WTI climbed to $110 per barrel on Wednesday, after dropping as low as $100 per barrel the day before. In the past few days, concerns for a fall in demand and rising hopes of de-escalation of the crisis in Ukraine have put pressure on the price of oil, although it remains at high levels as the situation in Ukraine remains uncertain. If the WTI price drops further, support can be found at the $90 per barrel level, while resistance can be found near $118.3 per barrel and further up at $130 per barrel.
On Wednesday, the U.S. Energy Information Administration reported a crude oil inventory draw of 3.4 million barrels for the week to March 25, which is an increase in production compared to the week before, although oil prices continued to rise in anticipation of the OPEC+ meeting on Thursday.
This week, all eyes are going to be on the next Ministerial OPEC+ meeting, on Thursday, March 31st. Strong volatility in the price of oil is expected in the days leading up to the meeting, as well after the event, depending on its outcome. Increased supply concerns, combined with high demand, may encourage OPEC and its allies to retain their current output goal.
Oil is supported by the ongoing conflict in Ukraine and reports of advancing peace negotiations between Russia and Ukraine are curtailing oil prices. Diplomatic talks have sparked hopes of a resolution to the crisis. The Ukrainian side has reportedly proposed to abandon its prospects of joining military alliances, in exchange for security guarantees. Russia on the other hand has pledged to scale down military operations in Kyiv and Chernihiv and is reportedly willing to let Ukraine join the EU, with the condition that it does not join NATO. Russia’s pledges have been met with skepticism by the Ukrainian side though, as attacks against Chernihiv continue unabated.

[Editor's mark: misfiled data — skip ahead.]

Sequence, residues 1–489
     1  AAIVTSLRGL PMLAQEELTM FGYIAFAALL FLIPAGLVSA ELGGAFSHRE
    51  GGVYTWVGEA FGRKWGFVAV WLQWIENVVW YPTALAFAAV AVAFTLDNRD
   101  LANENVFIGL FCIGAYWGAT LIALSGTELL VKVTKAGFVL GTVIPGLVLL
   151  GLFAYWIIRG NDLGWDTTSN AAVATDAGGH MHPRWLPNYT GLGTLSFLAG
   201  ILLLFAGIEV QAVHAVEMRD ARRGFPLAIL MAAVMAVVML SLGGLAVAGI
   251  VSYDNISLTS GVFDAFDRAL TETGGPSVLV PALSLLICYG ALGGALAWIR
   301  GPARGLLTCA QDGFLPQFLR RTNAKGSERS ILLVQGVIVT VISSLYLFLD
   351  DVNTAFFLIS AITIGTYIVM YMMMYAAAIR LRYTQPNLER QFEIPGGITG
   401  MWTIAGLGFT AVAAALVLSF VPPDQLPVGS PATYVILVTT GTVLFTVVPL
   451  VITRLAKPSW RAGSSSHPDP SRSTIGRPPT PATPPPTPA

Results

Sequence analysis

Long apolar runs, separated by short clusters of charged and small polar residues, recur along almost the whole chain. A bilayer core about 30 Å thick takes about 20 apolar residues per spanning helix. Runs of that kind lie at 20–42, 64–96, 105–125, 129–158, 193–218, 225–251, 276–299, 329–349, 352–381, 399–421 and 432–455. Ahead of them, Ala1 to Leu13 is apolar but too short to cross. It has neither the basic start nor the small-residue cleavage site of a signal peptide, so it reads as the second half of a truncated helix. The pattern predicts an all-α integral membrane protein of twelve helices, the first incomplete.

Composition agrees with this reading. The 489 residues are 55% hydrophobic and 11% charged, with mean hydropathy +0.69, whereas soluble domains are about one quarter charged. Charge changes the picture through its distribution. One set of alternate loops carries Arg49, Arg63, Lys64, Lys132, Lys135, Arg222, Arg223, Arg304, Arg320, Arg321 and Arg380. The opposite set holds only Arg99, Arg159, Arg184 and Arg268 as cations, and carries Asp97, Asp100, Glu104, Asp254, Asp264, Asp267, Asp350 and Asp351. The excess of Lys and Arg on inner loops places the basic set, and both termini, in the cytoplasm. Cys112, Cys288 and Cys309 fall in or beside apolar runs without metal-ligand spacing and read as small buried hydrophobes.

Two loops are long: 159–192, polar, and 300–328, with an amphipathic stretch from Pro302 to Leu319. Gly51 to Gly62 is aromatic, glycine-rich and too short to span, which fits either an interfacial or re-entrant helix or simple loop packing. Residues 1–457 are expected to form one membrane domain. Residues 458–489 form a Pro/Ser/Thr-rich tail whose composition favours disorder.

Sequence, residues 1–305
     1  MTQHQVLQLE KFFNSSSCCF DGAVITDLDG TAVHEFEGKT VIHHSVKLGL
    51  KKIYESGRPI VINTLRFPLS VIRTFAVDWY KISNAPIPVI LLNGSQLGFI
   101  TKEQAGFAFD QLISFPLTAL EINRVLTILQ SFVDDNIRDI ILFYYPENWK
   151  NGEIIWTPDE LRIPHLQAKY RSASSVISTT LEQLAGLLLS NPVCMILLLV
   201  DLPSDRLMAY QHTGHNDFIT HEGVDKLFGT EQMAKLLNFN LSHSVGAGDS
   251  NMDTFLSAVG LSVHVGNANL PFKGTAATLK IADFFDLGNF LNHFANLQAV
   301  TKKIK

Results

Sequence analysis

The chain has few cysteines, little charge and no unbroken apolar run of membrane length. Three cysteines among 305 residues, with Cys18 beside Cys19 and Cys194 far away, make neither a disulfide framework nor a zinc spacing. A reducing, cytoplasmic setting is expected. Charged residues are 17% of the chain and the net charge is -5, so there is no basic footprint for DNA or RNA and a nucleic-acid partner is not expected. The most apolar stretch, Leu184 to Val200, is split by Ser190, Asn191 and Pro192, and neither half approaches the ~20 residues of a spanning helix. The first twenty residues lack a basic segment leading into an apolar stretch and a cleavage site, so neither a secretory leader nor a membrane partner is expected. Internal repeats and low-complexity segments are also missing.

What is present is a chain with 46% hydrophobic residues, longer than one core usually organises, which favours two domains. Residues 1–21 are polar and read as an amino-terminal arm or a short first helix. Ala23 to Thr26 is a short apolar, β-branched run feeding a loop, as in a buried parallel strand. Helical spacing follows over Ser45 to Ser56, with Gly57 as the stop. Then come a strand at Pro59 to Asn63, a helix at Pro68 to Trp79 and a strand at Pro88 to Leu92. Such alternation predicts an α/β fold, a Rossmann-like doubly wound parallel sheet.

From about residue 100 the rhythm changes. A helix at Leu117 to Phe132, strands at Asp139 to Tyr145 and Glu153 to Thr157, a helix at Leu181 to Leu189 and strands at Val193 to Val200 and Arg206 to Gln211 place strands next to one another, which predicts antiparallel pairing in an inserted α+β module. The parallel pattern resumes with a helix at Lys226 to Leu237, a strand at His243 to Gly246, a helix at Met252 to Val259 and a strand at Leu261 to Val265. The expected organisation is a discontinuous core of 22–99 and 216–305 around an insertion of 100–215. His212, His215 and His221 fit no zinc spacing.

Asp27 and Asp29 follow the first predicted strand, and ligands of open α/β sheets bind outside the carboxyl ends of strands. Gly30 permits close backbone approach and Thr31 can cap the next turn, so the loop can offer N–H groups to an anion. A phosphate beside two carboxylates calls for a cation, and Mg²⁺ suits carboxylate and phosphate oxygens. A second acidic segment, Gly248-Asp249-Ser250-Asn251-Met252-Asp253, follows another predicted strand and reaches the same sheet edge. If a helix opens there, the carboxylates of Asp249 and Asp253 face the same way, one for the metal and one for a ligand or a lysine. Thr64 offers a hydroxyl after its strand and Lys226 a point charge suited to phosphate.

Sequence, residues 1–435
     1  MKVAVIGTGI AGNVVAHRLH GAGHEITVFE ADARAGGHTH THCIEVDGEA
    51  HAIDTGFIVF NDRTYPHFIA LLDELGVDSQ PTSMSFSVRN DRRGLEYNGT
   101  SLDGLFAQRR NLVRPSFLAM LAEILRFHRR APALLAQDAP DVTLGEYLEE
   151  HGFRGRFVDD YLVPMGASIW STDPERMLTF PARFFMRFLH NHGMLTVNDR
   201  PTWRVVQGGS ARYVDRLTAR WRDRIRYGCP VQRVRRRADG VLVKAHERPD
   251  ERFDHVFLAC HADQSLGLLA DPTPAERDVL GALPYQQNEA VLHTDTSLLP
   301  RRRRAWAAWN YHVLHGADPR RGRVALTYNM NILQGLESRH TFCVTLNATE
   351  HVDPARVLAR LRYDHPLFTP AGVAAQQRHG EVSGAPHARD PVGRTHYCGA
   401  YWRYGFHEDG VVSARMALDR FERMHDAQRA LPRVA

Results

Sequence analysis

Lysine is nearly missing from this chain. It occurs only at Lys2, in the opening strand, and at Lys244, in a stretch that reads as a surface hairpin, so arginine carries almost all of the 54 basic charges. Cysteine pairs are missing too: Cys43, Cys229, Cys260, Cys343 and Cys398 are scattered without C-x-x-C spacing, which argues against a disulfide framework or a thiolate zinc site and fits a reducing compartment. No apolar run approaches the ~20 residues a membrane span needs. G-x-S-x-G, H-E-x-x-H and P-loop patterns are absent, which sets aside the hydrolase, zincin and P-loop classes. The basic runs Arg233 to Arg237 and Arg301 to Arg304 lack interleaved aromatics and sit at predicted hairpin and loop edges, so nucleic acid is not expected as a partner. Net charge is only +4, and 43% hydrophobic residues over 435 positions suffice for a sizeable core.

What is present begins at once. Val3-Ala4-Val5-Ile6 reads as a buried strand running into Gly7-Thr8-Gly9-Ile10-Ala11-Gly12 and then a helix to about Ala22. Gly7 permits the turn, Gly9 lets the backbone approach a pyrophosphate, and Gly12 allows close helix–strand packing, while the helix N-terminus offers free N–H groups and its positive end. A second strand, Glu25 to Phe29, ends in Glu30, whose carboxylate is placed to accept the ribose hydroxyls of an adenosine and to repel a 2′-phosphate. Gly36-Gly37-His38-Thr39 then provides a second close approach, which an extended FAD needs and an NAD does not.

Oil prices are also under pressure by reports that China is initiating its biggest Covid lockdown in two years. A large wave of covid cases in China is forcing the country to enter lockdown once again. The financial hub of Shanghai is launching a lockdown to curb a surge in COVID-19 infections. China is the largest importer of crude oil and fears of a decrease in demand from lockdowns have sent oil prices plummeting. If the pandemic is re-ignited and countries start imposing new restrictions and re-entering lockdowns, it may signal another drop in the oil demand.
Oil prices remained high last week, as fears of a disruption in the distribution of oil were intensified. Reports of a potential EU oil and gas ban drove prices up, as such a scenario would create a severe energy crisis. The EU has not imposed direct bans on Russian oil and gas imports yet, since the Eurozone relies heavily on Russian energy-related imports, with almost 30% of the crude oil imports, 47% of its coal, and over 40% percent of its gas imports coming from Russia.
The US banned all oil and gas imports from Russia two weeks ago, catapulting oil prices to over $130 per barrel and the International Energy Agency (IEA) estimates that as many as 3 million barrels per day of Russian crude oil could be removed from the market as a result of sanctions and of boycotting on Russian oil.
In addition, a Caspian pipeline was seriously damaged last week, adding to worries over tight global supplies. Russian and Kazakhstan oil exports via the Caspian Pipeline Consortium may fall by up to 1 million barrels per day or 1% of global oil production.
Negotiations of an Iran oil deal over its nuclear program are rumored to be coming to fruition. If the deal goes through, Iran could add as many as 900,000 barrels a day to global supplies, which might provide some relief to the energy crisis, although this additional source of supply has likely already been priced in by markets.
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